Rt Hon Damian Green MP and Julia Mulligan PCC. Photo: Policy Exchange via Flickr.

Theresa May has appointed Damian Green MP as the new Secretary of State for Work and Pensions, replacing Stephen Crabb MP who resigned the position citing family reasons.

Mr Green was elected to serve in the House of Commons as Conservative MP for Ashford in a general election on 1 May 1997, following the retirement of Tory MP Keith Speed.

Green was infamously arrested by the Metropolitan Police at his constituency home on 27 November 2008 on suspicion of “aiding and abetting misconduct in public office” and “conspiring to commit misconduct in a public office” (source: Wikipedia).

The Crown Prosecution Service decided not to prosecute Mr Green because of “insufficient evidence”.

His topics of interest are known to be the Home Department, Education and Skills, Transport, Health, Justice, Asylum/Immigration, Illegal Immigrants, Asylum, Immigration Controls and English Language.

But not welfare, social security, poverty, pensions, employment, or unemployment?

How Damian Green voted on Welfare and Benefits

Almost always voted for reducing housing benefit for social tenants deemed to have excess bedrooms (otherwise knows as “bedroom tax”).

Generally voted against raising welfare benefits at least in line with prices.

Almost always voted against paying higher benefits over longer periods for those unable to work due to illness or disability.

Almost always voted for making local councils responsible for helping those in financial need afford their council tax and reducing the amount spent on such support.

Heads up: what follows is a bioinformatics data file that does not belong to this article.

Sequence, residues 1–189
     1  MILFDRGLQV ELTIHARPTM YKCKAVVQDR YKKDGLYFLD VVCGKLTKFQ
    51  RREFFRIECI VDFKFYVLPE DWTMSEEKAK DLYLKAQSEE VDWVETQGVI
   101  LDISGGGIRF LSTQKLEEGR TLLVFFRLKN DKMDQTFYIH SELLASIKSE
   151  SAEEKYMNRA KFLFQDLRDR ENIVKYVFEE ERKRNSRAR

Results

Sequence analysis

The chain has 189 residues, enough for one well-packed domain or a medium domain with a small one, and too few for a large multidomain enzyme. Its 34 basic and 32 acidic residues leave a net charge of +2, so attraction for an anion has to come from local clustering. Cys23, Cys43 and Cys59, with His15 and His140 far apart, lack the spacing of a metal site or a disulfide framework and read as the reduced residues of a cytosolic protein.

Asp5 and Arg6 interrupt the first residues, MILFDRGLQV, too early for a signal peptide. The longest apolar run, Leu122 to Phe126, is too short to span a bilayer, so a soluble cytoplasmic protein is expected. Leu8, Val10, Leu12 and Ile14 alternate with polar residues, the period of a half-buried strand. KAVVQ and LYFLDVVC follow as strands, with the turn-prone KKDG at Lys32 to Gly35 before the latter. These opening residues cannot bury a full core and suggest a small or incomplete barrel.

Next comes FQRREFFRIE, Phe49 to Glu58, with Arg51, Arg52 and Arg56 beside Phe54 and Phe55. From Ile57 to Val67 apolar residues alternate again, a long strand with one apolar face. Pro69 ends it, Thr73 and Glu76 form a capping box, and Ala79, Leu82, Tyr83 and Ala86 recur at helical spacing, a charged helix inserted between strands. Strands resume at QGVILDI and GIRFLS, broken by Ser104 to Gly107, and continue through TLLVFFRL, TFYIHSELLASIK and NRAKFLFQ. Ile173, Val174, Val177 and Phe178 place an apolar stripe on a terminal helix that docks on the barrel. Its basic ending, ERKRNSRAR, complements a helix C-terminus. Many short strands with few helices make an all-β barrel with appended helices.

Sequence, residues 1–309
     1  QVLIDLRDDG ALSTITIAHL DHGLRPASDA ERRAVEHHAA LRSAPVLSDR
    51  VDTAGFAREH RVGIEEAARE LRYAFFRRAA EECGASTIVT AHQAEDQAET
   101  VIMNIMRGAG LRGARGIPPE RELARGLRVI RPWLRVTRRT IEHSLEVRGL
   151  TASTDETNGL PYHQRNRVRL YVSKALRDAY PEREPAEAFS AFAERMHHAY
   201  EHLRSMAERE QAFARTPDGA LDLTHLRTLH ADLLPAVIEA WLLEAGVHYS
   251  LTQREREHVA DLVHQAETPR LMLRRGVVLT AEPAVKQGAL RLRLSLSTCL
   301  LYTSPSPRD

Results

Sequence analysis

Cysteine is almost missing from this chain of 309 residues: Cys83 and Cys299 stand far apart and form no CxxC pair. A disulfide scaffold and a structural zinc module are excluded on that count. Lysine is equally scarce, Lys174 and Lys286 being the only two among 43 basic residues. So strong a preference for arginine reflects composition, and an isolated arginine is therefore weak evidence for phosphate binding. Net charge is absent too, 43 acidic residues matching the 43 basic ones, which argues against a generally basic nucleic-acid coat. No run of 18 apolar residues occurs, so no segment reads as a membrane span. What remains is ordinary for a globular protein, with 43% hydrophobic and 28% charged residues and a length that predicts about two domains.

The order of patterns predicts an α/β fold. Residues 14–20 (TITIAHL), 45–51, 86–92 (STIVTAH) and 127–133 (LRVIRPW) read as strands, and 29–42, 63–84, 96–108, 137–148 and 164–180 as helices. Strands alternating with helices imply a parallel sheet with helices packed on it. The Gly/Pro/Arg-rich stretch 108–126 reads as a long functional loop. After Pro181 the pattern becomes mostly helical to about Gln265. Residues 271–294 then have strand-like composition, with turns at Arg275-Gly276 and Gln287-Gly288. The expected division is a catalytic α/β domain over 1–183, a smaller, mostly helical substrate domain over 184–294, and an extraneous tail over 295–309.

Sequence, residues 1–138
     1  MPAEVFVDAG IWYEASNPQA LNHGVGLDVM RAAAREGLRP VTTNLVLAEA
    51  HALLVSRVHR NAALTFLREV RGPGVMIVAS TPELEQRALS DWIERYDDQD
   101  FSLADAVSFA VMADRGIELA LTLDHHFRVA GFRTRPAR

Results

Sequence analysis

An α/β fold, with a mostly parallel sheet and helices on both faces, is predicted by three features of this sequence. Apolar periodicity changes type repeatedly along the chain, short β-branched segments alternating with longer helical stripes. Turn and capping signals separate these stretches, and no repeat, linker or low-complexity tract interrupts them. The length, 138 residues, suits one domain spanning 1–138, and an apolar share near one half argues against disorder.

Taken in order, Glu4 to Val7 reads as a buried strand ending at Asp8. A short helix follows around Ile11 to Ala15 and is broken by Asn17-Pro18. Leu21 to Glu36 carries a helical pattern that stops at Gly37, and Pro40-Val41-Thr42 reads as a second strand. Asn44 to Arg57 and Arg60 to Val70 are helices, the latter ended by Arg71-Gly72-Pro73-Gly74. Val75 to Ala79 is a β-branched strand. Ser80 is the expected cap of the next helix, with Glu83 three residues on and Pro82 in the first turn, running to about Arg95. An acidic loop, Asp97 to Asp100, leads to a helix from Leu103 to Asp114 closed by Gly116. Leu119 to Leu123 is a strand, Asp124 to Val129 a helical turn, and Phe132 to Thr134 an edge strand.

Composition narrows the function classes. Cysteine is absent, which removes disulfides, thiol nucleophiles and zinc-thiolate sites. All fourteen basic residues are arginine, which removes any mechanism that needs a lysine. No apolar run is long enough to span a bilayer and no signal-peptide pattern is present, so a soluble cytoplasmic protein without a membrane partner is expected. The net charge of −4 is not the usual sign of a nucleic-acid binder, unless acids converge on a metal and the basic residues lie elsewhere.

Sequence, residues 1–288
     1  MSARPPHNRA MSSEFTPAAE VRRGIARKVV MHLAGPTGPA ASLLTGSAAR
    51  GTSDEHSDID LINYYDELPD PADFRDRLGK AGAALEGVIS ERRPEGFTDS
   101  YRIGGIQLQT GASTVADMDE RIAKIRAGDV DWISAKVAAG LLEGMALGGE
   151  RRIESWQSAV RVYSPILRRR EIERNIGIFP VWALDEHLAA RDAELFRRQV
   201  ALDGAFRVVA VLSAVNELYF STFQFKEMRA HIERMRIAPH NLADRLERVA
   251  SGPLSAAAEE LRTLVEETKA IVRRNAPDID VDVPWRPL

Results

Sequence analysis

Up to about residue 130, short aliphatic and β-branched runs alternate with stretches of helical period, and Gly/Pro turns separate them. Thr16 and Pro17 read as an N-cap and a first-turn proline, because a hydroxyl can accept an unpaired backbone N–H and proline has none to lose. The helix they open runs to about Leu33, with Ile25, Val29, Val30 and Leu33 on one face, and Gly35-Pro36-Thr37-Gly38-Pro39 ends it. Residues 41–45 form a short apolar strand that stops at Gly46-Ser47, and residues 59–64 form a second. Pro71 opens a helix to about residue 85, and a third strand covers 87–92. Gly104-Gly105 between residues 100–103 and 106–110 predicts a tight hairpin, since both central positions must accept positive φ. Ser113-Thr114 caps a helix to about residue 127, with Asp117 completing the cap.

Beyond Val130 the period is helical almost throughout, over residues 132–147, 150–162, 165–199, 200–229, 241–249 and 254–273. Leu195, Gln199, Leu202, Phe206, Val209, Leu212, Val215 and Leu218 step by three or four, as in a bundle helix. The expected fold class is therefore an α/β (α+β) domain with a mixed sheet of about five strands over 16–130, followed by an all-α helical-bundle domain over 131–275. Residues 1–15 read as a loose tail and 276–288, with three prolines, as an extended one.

Almost always voted for a reduction in spending on welfare benefits.

Almost always voted against spending public money to create guaranteed jobs for young people who have spent a long time unemployed.

How Damian Green voted on Taxation and Employment

Consistently voted for raising the threshold at which people start to pay income tax.

Almost always voted for increasing the rate of VAT.

Generally voted for higher taxes on alcoholic drinks.

Consistently voted for higher taxes on plane tickets.

Generally voted for lower taxes on fuel for motor vehicles.

Consistently voted against increasing the tax rate applied to income over £150,000.

Generally voted for encouraging occupational pensions.

Generally voted against automatic enrolment in occupational pensions.

Almost always voted against a banker’s bonus tax.

Generally voted for higher taxes on banks.

Consistently voted against an annual tax on the value of expensive homes (popularly known as a mansion tax).

Generally voted for allowing employees to exchange some employment rights for shares in the company they work for.

Consistently voted for more restrictive regulation of trade union activity.

How Damian Green voted on Social Issues

Generally voted for equal gay rights.

Generally voted against smoking bans.

Almost always voted against the hunting ban.

Consistently voted for allowing marriage between two people of same sex.

Generally voted against laws to promote equality and human rights.